Knowing that this was coming up, I decided to make sure I had a project to work on in the waiting rooms that wasn't too difficult and that I could work on without a pattern. I decided that it would be nice to have another pair of fingerless mitts, and that it would be nice to work them in crochet for a change.
I started working on them a couple of weekends ago, after doing a quick canvass of my G+ followers for ideas and trawling Ravelry for an afternoon for patterns. I eventually settled on this pattern that I'd seen in my G+ feed a while back. It's in Korean, but there are a couple of good symbolized patterns there, which is my preferred type of crochet patterns.
I worked the cuff in knitted 1x1 rib, then switched to a crochet hook. I had a couple of false starts while trying to figure out which colour I wanted as the main colour and which would be the contrast colour, and I also went up a hook size to get puffier-looking stitches, but I finally came up with something I liked.
Yesterday, as I sat in the waiting room with an IV in my arm, I thought about how good it felt to crochet after so long... such a nice break from the needles. I learned to crochet as a little girl, well before I learned to knit, and the feeling of the hook in my hand was comforting and familiar as I sat there alone in the hospital. I worked on this mitt for a while, then stopped to give my arm a break and to take a few photos. It's only now that I realize how much they matched the linoleum floor in the waiting room:
I plan to work the thumb and the top cuff in white to match the knitted 1x1 rib of the bottom cuff. It's surprisingly warm, despite the fact that it's somewhat piece-y, and I look forward to wearing them while holding a nice warm cup of tea or coffee...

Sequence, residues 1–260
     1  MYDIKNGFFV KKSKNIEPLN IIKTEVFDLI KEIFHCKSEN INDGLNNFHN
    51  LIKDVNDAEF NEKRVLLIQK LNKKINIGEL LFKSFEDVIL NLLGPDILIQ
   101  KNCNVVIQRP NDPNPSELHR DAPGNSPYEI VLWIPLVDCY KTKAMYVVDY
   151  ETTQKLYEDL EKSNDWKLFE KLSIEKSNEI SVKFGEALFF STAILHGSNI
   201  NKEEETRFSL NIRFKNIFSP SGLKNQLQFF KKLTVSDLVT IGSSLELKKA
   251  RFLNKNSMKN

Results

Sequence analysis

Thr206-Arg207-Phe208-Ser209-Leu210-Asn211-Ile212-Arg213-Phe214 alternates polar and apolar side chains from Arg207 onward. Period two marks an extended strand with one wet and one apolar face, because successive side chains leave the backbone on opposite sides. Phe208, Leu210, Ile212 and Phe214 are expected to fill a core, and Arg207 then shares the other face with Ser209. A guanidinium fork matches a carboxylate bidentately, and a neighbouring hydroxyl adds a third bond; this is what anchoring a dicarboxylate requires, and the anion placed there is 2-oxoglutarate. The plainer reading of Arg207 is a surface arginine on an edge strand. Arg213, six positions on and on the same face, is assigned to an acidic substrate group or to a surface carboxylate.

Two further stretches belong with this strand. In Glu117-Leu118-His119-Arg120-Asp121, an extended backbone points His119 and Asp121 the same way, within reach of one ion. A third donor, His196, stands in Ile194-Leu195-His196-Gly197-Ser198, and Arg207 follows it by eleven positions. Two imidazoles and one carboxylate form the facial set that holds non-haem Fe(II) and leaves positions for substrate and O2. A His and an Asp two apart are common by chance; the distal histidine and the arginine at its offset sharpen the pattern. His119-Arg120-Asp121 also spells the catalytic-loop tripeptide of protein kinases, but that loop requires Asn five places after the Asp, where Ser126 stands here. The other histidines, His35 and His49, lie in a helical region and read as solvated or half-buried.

It was my mom that taught me to crochet, and from whom I inherited my love and appreciation of handmade things, homemade food, and vintage items. Interesting, then, that I unconsciously chose to go back to my first craft as I go through this process. My mom passed a lot of things down to me, and those things are huge part of who I am and how I view the world. She's given me a lot.
I'm hoping that, if all goes well, this can be a way for me to give something back to her. Whatever happens, I think that this whole process is teaching me to accept that what will be, will be. No amount of worrying can make the outcome different. I can only hope for the best, and try to use what I have.
And what I have is what my mom gave me: a healthy body and a love of yarn. Thanks, Mom.